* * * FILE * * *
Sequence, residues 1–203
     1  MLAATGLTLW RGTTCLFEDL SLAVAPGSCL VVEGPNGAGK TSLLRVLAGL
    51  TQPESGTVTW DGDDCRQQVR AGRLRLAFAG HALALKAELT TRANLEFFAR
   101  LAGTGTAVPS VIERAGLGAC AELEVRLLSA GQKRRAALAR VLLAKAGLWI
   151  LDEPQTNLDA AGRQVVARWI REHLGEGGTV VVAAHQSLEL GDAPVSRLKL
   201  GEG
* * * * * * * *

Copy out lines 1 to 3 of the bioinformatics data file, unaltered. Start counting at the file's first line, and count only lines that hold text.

Sequence, residues 1–203
     1  MLAATGLTLW RGTTCLFEDL SLAVAPGSCL VVEGPNGAGK TSLLRVLAGL
    51  TQPESGTVTW DGDDCRQQVR AGRLRLAFAG HALALKAELT TRANLEFFAR